Slave bodies were a readily available medical commodity. The slave owner and the doctor conspired to to traffic these bodies for medical experiments.
January 8th, 2020
Slavery was a horrendous epoch in the history of humankind.
Black lives were treated merely as property and nothing beyond that. Medical advancement propounded by white medical doctors meant inevitable human experimentation. In the modern era, it was beyond any reasonable doubt that the marginalized, the poor and the vulnerable were exploited, with horrific consequences, for medical experimentation.
In the days of slavery, the lives of black slaves were regarded as nothing and black bodies were regularly sold off as specimens for the purposes of medical experimentation. The brutality of these medical experiments is well documented in history. The most infamous is probably the Tuskegee experiment in modern history.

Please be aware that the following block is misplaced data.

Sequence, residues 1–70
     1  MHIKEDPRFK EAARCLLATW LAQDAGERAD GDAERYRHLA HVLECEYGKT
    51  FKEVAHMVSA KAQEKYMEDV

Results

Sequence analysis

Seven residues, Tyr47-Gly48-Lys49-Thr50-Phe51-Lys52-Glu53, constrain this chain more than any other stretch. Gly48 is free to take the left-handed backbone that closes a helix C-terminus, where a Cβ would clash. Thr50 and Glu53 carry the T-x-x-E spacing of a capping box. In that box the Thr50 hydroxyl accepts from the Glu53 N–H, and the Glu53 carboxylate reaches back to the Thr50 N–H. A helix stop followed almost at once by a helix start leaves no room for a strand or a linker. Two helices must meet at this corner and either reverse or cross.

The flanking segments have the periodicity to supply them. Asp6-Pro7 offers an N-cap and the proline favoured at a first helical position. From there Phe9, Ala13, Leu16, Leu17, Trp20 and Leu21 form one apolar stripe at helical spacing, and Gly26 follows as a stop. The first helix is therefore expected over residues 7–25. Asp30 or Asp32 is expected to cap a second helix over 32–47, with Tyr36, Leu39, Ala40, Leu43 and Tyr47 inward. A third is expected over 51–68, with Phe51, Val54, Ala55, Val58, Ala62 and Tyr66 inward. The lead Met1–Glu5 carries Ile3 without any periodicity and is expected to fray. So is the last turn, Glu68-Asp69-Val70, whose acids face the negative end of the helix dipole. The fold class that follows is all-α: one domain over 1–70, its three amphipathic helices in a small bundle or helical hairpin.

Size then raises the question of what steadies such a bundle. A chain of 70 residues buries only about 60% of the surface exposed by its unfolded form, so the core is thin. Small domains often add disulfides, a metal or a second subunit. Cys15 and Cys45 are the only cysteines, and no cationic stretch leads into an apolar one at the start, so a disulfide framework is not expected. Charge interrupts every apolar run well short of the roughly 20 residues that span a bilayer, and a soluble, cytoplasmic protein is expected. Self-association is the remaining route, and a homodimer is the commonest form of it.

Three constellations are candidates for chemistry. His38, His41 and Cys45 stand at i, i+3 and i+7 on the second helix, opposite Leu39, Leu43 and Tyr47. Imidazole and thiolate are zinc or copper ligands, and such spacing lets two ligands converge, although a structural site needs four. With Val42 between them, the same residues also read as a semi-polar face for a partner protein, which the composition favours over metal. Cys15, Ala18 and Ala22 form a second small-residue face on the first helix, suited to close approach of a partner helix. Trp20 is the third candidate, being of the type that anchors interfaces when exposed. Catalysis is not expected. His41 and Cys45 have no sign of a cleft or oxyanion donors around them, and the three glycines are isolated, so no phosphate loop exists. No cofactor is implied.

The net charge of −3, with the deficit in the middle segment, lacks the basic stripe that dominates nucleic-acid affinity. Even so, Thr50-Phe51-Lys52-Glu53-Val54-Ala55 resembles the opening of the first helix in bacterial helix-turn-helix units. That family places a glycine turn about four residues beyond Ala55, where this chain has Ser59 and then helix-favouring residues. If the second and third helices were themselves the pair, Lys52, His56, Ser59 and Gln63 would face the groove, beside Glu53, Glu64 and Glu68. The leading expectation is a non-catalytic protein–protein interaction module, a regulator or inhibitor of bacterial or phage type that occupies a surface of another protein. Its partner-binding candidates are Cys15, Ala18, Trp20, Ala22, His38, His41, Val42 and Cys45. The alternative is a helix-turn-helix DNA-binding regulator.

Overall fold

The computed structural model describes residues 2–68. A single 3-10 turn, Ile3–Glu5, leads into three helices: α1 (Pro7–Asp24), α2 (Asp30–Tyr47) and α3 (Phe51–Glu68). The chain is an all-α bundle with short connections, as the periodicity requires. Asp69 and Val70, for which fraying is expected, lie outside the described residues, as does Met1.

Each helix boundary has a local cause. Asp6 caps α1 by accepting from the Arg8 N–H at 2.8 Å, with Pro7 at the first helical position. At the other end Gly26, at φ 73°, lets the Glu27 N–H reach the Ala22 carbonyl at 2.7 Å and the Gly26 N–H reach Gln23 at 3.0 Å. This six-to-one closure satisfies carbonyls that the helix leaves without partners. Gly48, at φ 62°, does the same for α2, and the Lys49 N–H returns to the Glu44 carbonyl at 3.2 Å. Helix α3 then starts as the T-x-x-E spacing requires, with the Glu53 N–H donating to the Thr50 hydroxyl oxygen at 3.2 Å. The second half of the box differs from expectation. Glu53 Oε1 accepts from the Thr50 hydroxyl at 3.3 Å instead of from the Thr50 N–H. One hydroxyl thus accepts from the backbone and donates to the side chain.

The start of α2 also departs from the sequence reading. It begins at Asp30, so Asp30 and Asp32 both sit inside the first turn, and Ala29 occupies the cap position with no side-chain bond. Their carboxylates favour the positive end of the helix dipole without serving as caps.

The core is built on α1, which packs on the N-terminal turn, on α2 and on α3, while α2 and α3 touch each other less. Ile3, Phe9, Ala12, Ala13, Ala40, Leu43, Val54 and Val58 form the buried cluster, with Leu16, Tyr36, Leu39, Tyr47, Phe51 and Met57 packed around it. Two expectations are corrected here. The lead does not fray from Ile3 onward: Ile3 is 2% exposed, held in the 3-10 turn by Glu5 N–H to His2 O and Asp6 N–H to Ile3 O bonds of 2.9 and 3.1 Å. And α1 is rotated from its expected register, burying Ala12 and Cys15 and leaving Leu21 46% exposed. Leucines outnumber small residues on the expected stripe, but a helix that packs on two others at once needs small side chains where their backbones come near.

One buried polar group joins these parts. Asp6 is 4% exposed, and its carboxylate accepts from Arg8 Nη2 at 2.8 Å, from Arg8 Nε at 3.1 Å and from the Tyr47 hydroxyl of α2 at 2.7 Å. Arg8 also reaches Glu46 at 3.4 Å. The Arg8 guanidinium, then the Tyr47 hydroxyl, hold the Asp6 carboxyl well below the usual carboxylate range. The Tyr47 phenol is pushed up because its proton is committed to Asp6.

The U.S Public Health Service, in conjunction with the Tuskegee Institute, carried out a syphilis experiment on African-American men from 1932 to 1972. The study initially involved 600 men, and 399 had syphilis. 201 were free of the virus. The patients’ informed consent was a conspicuously absent feature in this wicked experiment. The study made the government observe the natural progression of the disease until the time of death. Hundreds of black men were untreated of syphilis because of a research experiment.
South America became notorious for the acquisition and exploitation of slave bodies. It was a common phenomenon to have experimentation on living human beings. Slave bodies were a readily available as medical commodity. The slave owner and the doctor conspired to traffic these bodies for medical experiments. The inherent evil nature of the slave system provided easy conditions for this to take place without much indignation.
This article appears in its entirety at The African Exponent website. It can be read here.